The State of Africa:A History of Fifty Years of Independence

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The State of Africa:A History of Fifty Years of Independence
« em: Abril 21, 2010, 01:40:22 pm »

This impressive history of Africa is a thorough and detailed investigation of the reasons for the continent's dismal failure. Although filled with facts and figures, the work is quite accessible and readable as it charts the bitter history of 50 years of independence from its hopeful beginnings to today's total despair, in just 2 generations.

Ghana was the first African state to gain independence in 1957; it was ruined within 8 years. Today the whole continent produces less than Mexico. Upon taking power, African leaders appointed their cronies in government instead of properly trained civil servants, of which there weren't many anyway. These ruling elites indulged in corruption, oppression and bribery from the beginning.

The continent has been cursed with corrupt, incompetent and greedy leaders who never cared for their subjects. There have been at least 40 successful and many more unsuccessful coup attempts these 5 decades. The latest fashion is to hold sham elections. In oil producing countries like Angola, Equatorial Guinea, Gabon, Nigeria and Cameroon, all the oil money ends up in the pockets of small ruling cliques while ordinary people subsist in misery.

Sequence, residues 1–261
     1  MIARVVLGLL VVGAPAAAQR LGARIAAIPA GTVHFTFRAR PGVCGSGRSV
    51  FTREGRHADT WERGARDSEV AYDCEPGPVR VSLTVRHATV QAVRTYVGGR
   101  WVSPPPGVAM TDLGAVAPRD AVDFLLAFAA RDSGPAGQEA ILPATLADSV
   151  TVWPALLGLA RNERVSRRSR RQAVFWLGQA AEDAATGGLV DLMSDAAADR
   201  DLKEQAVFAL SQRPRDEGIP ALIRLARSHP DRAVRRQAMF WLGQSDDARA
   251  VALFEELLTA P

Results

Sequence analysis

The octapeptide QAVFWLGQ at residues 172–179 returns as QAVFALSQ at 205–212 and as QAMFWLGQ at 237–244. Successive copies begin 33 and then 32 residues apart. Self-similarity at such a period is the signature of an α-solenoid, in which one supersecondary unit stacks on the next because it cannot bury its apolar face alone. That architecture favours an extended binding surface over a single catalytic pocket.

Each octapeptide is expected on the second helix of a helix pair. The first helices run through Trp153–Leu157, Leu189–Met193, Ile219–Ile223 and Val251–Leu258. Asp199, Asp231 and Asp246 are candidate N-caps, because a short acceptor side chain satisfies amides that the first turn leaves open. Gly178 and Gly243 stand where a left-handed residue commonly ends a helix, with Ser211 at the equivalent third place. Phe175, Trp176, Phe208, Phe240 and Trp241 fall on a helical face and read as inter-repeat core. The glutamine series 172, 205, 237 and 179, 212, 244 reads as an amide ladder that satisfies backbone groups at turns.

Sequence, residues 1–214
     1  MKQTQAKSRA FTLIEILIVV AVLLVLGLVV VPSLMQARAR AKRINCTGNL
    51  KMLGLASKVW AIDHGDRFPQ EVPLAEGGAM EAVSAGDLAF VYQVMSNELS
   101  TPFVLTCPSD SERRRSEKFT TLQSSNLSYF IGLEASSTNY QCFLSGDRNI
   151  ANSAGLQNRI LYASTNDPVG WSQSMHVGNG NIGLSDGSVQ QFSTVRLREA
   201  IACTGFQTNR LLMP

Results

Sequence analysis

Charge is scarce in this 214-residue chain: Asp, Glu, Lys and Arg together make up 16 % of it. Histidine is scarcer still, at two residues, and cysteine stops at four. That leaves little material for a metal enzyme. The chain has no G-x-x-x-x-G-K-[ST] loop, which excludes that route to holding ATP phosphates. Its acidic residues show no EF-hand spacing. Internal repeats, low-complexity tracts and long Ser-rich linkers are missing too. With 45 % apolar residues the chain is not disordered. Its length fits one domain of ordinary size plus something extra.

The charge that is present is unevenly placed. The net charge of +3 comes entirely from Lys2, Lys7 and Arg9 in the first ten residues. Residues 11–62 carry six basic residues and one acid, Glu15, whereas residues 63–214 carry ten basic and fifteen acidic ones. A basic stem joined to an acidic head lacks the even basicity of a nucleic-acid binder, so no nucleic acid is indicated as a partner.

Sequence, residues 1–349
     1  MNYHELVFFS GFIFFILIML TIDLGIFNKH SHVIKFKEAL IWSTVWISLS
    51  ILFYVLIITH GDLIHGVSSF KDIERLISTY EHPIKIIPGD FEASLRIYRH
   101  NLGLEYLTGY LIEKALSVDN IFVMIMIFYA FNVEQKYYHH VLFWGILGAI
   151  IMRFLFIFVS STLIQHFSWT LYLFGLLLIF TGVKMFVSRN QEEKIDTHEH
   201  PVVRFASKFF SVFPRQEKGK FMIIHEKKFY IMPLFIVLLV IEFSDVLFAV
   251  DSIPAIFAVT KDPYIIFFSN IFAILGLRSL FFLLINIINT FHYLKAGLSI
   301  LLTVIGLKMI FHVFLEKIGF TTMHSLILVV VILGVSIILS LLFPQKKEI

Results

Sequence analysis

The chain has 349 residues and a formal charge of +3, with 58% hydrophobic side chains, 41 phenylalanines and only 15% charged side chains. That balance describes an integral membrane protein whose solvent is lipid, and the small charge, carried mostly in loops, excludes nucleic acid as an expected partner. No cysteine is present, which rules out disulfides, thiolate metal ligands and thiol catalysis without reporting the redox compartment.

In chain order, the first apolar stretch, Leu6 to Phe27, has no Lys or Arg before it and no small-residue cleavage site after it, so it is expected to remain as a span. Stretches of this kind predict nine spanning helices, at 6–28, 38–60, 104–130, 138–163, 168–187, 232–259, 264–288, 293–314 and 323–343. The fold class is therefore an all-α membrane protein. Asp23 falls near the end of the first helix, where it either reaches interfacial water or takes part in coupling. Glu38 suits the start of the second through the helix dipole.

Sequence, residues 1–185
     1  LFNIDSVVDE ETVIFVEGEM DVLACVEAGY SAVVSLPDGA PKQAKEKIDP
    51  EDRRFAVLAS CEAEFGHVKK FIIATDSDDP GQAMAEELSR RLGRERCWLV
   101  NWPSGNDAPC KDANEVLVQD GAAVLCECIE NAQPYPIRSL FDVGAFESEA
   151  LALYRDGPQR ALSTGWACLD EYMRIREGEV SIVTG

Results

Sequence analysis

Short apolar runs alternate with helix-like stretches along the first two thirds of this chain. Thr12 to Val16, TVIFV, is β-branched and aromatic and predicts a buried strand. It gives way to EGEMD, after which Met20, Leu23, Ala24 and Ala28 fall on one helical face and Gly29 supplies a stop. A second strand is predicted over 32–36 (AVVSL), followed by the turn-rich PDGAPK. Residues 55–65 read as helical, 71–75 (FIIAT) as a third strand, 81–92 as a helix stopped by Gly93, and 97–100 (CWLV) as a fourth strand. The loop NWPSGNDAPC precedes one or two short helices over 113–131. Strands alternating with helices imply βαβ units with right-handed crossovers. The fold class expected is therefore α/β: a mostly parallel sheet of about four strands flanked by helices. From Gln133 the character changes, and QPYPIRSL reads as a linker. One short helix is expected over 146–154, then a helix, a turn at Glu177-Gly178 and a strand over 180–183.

The chapters are arranged according to this rogue's gallery of leaders like Amin, Bokassa, Mobutu, Nyerere, Banda, Mugabe, Kaunda, Kenyatta, Mengistu, Nasser, Nguema, Nkrumah. Other reasons for the failure are also considered, for example the rapid rise in population and unfavourable trade terms with the West.

But always the pattern repeats: coup d'etat, cruelty, misery, murder, refugees and the collapse of infrastructure. No matter how much money the West throws at the problem. Africa has had the equivalent of six "Marshall Plans" but the money ends up in Swiss bank accounts. Since independence, the Nigerian elites have stolen about $350 billion.

Meredith also looks at the exceptions like Botswana, South Africa and Senegal. These countries are multiparty democracies with well-run economies. They represent some hope that Africa might one day join civilization.